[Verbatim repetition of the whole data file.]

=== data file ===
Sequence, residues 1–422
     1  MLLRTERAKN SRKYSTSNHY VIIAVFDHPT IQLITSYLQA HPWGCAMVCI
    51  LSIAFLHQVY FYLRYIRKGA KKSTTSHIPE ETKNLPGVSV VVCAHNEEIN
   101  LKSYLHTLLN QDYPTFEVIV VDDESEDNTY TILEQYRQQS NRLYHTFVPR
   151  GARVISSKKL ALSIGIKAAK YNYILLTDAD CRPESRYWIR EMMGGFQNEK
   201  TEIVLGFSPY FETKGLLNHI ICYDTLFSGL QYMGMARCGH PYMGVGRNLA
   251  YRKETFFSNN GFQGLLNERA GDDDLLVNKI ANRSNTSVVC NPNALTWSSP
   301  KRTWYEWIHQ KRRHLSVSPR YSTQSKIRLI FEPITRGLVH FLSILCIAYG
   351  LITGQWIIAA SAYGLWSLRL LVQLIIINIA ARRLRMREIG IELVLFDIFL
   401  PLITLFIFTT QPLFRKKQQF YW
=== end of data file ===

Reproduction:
Sequence, residues 1–422
     1  MLLRTERAKN SRKYSTSNHY VIIAVFDHPT IQLITSYLQA HPWGCAMVCI
    51  LSIAFLHQVY FYLRYIRKGA KKSTTSHIPE ETKNLPGVSV VVCAHNEEIN
   101  LKSYLHTLLN QDYPTFEVIV VDDESEDNTY TILEQYRQQS NRLYHTFVPR
   151  GARVISSKKL ALSIGIKAAK YNYILLTDAD CRPESRYWIR EMMGGFQNEK
   201  TEIVLGFSPY FETKGLLNHI ICYDTLFSGL QYMGMARCGH PYMGVGRNLA
   251  YRKETFFSNN GFQGLLNERA GDDDLLVNKI ANRSNTSVVC NPNALTWSSP
   301  KRTWYEWIHQ KRRHLSVSPR YSTQSKIRLI FEPITRGLVH FLSILCIAYG
   351  LITGQWIIAA SAYGLWSLRL LVQLIIINIA ARRLRMREIG IELVLFDIFL
   401  PLITLFIFTT QPLFRKKQQF YW